Behind the Scenes at The Horn Call: Frequently Asked Questions

This blog isn’t dead, just taking an extended hiatus! Since taking over as Publications Editor for the International Horn Society in the summer of 2020, my contributions on this site have been reduced considerably. However, the following material, given as a joint presentation with Marilyn Bone Kloss at the 54th International Horn Symposium, seemed like it might be of interest to readers of this blog, if there are any left! The impetus for this presentation came from learning just how much “behind the scenes” work takes place to produce a journal like The Horn Call. Though I had been a frequent contributor for several years, I had no idea how many moving parts go into each issue. If you’re working on something for the journal, or have ever thought about writing an article for The Horn Call, I hope the following FAQ is helpful to you.

Why should I write for The Horn Call?

Though not a peer-reviewed journal, The Horn Call is respected and enjoys an international following. Articles are painstakingly edited and proofread multiple times. Your article benefits the IHS by adding to our collective knowledge, and benefits you by getting ideas into public discourse and raising your profile. Your article may also inspire others to carry on further research and write their own articles, continuing the cycle.

When are submission deadlines?

August 1 for the October issue, December 1 for the February issue, and March 1 for the May issue, although we do accept submissions on a rolling basis.

Why didn’t my article get printed in the upcoming issue? I submitted it on time!

We are fortunate to have a queue of previously submitted articles, which we are working through as quickly as possible. Each issue has a page limit: October and May are 108 pages, and February is 96 pages (because of the extra weight of the Advisory Council Election Ballot Card). If we go over these limits, the printing and mailing costs grow exorbitantly. In the case of articles which are timely, we make every effort to get those out in the next issue, given our space constraints.

Do authors receive compensation? What about complimentary copies?

Our contributors are not compensated, but we will promote your published article via social media (Facebook, Instagram, and Twitter) and other outlets such as The Horn Call Podcast. IHS members already receive access to the full color PDF and EPUB versions of each issue, and if you are not an IHS member, we will provide you with a digital copy. Extra printed copies are in short supply, but can be purchased using the back issues order form:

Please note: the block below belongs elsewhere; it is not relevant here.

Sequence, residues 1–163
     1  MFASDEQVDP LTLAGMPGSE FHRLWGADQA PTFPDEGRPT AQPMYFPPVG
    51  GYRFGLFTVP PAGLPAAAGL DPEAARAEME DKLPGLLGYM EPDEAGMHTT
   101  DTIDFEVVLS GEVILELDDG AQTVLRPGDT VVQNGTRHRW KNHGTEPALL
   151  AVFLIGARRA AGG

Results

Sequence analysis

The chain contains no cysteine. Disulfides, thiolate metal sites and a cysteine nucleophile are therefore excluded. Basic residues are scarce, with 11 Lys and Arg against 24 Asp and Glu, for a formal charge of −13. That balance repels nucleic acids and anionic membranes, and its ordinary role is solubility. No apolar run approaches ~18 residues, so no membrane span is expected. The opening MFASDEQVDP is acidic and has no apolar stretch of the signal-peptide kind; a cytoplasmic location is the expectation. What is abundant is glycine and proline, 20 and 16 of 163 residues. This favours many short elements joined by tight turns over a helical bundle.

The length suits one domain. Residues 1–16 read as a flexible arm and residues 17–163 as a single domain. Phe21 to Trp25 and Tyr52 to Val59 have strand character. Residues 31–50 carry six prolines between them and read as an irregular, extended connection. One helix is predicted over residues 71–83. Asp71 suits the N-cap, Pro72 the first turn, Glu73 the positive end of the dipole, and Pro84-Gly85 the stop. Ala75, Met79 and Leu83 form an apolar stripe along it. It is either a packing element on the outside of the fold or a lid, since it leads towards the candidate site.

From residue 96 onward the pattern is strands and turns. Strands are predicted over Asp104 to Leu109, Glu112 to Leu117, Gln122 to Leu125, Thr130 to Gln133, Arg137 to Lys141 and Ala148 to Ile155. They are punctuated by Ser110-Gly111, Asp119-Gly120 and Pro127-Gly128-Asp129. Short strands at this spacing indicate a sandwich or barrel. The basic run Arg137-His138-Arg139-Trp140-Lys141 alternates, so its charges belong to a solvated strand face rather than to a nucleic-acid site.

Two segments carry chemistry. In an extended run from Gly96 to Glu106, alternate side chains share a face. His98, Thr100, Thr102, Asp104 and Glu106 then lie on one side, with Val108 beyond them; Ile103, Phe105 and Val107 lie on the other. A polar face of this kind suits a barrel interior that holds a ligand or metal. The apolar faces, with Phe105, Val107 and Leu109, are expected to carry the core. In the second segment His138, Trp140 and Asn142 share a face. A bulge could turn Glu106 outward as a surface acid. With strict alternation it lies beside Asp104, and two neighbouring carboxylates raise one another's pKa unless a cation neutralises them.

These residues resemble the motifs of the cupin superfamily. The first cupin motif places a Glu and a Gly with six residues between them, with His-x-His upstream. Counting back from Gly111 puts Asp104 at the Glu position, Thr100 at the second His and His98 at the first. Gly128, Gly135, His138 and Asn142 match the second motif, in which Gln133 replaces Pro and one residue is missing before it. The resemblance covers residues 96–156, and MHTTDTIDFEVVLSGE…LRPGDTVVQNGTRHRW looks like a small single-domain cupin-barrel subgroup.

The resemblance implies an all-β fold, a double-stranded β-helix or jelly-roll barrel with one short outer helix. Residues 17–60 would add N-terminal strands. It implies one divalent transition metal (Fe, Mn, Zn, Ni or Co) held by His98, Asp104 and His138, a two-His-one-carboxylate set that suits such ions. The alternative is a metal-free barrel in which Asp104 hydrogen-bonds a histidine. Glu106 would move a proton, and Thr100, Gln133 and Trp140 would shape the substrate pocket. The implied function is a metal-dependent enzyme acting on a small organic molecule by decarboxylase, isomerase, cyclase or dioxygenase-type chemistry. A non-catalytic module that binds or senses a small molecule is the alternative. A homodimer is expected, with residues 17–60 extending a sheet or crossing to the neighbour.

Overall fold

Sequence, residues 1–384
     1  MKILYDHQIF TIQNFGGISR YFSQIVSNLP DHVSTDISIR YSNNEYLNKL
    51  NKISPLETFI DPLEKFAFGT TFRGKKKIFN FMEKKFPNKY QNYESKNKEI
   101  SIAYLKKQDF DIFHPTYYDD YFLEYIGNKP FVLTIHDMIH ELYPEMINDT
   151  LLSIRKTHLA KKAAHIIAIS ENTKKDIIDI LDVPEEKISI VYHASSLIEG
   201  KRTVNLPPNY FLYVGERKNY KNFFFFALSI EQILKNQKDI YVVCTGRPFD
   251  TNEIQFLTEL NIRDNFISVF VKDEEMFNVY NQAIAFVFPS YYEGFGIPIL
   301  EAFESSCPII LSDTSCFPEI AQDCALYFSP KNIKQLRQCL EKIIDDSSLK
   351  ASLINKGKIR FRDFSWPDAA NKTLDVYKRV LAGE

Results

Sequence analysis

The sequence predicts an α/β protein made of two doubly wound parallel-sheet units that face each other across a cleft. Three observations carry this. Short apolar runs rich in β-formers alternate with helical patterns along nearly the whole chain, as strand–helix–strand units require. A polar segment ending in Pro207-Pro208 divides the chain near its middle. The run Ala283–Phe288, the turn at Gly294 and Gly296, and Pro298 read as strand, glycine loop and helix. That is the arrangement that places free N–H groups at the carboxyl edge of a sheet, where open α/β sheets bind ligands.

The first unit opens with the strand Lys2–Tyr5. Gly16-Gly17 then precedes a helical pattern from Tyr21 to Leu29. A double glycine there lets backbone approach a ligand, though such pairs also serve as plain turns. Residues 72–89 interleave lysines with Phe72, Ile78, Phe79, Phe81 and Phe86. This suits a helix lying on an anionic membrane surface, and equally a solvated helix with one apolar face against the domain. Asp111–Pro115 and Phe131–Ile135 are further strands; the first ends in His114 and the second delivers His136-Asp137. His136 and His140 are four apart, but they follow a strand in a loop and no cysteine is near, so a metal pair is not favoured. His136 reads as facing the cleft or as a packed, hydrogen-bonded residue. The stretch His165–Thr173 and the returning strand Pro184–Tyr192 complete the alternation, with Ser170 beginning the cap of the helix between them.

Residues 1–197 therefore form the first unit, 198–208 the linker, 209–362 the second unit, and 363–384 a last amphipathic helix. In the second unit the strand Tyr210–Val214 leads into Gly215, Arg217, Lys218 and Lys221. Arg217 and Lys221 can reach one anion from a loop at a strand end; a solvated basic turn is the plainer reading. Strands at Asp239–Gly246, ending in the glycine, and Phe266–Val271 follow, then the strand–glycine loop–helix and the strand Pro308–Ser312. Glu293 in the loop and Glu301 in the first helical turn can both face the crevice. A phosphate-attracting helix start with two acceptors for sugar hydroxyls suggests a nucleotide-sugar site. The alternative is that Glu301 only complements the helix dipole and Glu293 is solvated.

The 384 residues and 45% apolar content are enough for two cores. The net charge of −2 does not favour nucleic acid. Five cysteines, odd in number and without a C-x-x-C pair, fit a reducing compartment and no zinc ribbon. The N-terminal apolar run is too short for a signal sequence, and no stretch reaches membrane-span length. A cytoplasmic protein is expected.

What topics are suitable for publication in The Horn Call?

Our philosophy is that The Horn Call’s content should reflect the interests of IHS members. We welcome submissions from horn players of all backgrounds! Topics could include history, pedagogy, equipment, repertoire, acoustics, recording, technology, health/wellness, race, gender, entrepreneurship, and music business, but this list is not exhaustive. If you have a unique perspective on a horn-related topic but aren’t sure how to frame it, contact us at or

Can I write an article for one of the recurring columns?

Submissions for columns are generally handled by our column editors. Current columns with their editors are as follows:
Student Corner, Lauren Antoniolli
Creative Hornist/Technique Tips, James Naigus and Drew Phillips
Military Matters, Erika Loke
Cor Values, Ellie Jenkins
Teacher Talk, Michelle Stebleton
Horn Tunes, Drew Phillips

If you have an idea for an article that fits with any of the above, please contact the appropriate column editors!

How should I format my article?

You don’t need to! We will take care of that in the editorial process before publication. If you have figures, images, or tables, please include those as separate files, and indicate approximately where they should appear in the text of your article. We prefer endnotes instead of footnotes, and we loosely follow the Chicago Manual of Style and the Associated Press Stylebooks. We accept MS Word, Apple Pages, and most other word processing files. Images should be at least 300DPI and can be in any file format. We currently use Adobe InDesign for layout, and generate B&W or color PDFs as necessary for printing and digital distribution.

Is there a preferred writing style?

No need to write in an overly academic style unless it comes naturally to you. We prefer clear, direct language.

Why is the print version of the journal not in full color?

Cost, in a word. The PDF and EPUB files are in full color, and we have plans to include even more images in future issues.

Does my article have to be in English?

No! We highly encourage submissions in all languages, and are committed to finding translators for this content so that it can be made available to as many readers as possible.

Where can I find more information?

Visit, or contact us at
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